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Light and Shade: the front door to Mike Oldfield's music,
This review is from: Light and Shade (Audio CD)
Mike Oldfield is one of the world's most diverse musicians and certainly one of the most difficult to classify. He is also the Howard Hughes of self-promotion. And yet he shares with Mozart a high productivity rate and has recorded over 20 albums. So how does anybody who wants to listen to his music find a way in when the albums are so very different?
The answer, for many, will be Light and Shade. This album has so many of Oldfield's trademarks mixed in. Above all, he has an elusive individualistic signature in all of his music that is almost impossible to describe. Its like a scent. It runs through this music strongly: its pure Mike Oldfield. And yet, for many of his longer-term fans, the music is very different to much of his previous output. It mixes in dance, electronica, trance, and a range of ambient styles. Into this mesmerising core Oldfield drains his majestic guitar work. Fluid bass lines accompany expansive and relaxed passages and there is frequent application of real attitude in the guitar work that welds perfectly with the mood of each piece.
The sign of a very diverse musician is that he can upset some of his fans all the time, and Oldfield certainly does that. Which ones get upset varies with each of his unpredictable works. But it is consistent with his artistic integrity that his fans, who may spend their other listening hours on anything between sugar pop to classical or hard rock to minimalism, still find that each album grows on them as their ears peel back the layers and find magic beneath the surface of whatever new clothes he has adopted with each new incarnation.
On this collection, Oldfield demonstrates touches of purity and simplicity with his acoustic and piano work, such as the claming 'Blackbird' and the touching 'Rocky'. Simplicity is one of his virtues. But he turns the special powers on for the awesomely constructed "Tears of an Angel" and the lyrical "Surfing". His ability to turn a tune was once described as second only to Paul McCartney: these two tracks testify to that.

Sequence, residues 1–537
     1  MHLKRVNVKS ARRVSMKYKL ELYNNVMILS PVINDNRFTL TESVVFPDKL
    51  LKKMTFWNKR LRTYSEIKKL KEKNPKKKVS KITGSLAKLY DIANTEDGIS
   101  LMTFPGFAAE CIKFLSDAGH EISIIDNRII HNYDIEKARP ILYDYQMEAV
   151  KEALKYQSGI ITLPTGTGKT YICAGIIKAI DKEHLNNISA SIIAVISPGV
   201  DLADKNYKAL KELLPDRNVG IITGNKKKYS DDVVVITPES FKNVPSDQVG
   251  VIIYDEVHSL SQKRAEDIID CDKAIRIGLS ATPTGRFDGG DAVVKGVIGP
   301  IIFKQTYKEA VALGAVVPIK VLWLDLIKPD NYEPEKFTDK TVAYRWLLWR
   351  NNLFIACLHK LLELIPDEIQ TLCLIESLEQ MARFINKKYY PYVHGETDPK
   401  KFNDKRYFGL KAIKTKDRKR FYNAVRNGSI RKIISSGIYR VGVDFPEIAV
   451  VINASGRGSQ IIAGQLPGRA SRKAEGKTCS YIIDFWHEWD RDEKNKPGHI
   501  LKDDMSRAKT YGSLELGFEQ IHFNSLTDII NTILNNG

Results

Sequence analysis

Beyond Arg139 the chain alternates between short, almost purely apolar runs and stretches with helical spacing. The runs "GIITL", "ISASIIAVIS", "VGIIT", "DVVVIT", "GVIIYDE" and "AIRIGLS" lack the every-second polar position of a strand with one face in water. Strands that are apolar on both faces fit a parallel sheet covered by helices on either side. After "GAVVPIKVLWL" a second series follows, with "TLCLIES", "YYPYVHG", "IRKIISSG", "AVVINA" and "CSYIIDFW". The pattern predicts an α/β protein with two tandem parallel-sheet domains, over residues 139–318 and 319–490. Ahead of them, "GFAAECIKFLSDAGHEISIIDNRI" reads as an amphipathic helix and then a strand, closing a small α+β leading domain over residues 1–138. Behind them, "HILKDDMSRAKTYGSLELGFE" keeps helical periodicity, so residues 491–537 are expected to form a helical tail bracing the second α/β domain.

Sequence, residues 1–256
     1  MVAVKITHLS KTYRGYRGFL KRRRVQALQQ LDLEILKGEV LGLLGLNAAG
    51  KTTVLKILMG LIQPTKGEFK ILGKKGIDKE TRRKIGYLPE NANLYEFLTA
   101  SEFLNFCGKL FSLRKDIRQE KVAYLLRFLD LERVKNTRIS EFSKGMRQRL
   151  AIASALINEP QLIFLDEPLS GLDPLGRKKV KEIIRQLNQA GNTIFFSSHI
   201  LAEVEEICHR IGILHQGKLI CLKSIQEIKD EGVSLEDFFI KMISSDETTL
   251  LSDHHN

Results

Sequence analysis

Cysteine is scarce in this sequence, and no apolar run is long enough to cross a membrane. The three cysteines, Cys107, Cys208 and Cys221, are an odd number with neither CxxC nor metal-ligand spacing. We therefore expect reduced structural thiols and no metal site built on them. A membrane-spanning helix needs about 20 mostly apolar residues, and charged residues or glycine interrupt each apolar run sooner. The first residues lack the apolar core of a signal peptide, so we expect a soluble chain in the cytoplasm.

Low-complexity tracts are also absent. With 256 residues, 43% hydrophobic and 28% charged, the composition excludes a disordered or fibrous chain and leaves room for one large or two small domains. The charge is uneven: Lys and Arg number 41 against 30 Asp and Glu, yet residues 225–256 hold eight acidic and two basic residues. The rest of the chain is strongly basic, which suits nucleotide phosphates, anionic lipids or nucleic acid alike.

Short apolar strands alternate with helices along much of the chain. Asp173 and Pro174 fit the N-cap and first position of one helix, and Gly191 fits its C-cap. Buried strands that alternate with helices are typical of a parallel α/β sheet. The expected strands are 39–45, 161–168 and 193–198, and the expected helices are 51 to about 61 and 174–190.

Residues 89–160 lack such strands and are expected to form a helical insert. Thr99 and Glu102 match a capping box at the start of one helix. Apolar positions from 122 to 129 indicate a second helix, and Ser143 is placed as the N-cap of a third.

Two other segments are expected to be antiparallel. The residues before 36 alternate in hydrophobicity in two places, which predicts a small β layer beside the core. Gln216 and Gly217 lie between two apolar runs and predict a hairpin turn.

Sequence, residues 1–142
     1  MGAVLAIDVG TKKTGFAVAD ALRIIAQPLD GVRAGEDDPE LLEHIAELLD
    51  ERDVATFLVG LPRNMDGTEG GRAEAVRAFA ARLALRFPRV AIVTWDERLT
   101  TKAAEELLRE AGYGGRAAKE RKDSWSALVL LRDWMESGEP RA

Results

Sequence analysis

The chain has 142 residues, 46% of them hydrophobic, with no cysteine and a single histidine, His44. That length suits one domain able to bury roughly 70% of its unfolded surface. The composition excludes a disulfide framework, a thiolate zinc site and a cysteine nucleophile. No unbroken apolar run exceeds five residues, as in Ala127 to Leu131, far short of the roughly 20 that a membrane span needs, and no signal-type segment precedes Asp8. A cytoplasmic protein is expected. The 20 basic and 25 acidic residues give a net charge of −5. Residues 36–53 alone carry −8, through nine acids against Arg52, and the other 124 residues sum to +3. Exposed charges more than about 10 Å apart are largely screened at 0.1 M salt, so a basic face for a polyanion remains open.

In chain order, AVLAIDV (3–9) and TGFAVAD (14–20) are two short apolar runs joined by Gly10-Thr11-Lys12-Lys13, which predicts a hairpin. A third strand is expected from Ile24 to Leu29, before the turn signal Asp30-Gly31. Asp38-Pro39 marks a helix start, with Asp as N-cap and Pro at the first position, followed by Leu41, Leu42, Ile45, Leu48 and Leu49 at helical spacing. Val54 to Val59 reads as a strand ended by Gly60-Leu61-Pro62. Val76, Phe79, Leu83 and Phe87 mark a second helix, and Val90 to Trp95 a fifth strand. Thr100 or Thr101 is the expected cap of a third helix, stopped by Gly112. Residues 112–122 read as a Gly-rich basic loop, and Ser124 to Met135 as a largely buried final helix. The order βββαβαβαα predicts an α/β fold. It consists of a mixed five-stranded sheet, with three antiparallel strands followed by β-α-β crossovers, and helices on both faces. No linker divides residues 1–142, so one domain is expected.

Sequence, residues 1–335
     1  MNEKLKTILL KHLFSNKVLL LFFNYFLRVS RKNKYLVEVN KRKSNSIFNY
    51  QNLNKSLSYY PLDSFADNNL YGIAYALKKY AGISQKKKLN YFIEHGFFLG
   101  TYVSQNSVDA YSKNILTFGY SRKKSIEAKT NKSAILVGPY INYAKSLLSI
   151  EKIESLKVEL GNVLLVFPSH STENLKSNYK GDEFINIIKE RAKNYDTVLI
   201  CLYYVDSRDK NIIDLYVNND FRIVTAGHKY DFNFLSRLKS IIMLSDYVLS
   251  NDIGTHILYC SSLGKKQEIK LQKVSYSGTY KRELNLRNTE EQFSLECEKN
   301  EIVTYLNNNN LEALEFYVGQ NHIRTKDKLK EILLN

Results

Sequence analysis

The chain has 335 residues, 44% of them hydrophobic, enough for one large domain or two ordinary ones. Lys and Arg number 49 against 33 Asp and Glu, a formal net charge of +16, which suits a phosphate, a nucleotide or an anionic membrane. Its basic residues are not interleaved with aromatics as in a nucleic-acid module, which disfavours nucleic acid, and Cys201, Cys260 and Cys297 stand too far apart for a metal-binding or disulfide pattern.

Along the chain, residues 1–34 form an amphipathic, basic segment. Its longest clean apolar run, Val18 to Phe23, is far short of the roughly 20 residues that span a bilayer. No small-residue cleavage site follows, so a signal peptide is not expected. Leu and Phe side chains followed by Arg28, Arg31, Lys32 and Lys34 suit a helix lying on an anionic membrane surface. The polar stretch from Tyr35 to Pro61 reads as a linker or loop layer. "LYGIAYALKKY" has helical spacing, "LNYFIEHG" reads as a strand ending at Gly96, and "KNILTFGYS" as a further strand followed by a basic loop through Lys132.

Oldfield is such an uncompromising individual that he writes, plays, records, engineers and produces everything himself. There is no successor for music like this. His individualism means he may be an acquired taste, but he is very accessible on the ear, so this album is quick to make an impression. That makes it one of the better ways to sample his style and techniques.
Hugely admired and respected across all of Europe, regrettably much of Oldfield's work passes without comment in the UK, his own country. One reason for his appeal across Europe may be the fact that being instrumental his music leaps over the language barrier. But curiously, over the year his singles have sold bucketloads, especially in Spain and Germany. The UK market may simply be too narrow for a man whose talents tend to confound the critics and confuse the record companies.
Light and Shade has at least two obvious hits. New or returning listeners who buy it will hear Oldfield's sublime soundscapes and punchy rhythms and wonder why they have heard so little of him around.
This album is an excellent front door in for those who listen to mainstream or contemporary music and who like to have something that challenges the ear with each new piece. And if you don't like it, don't worry, his next one will be completely different again!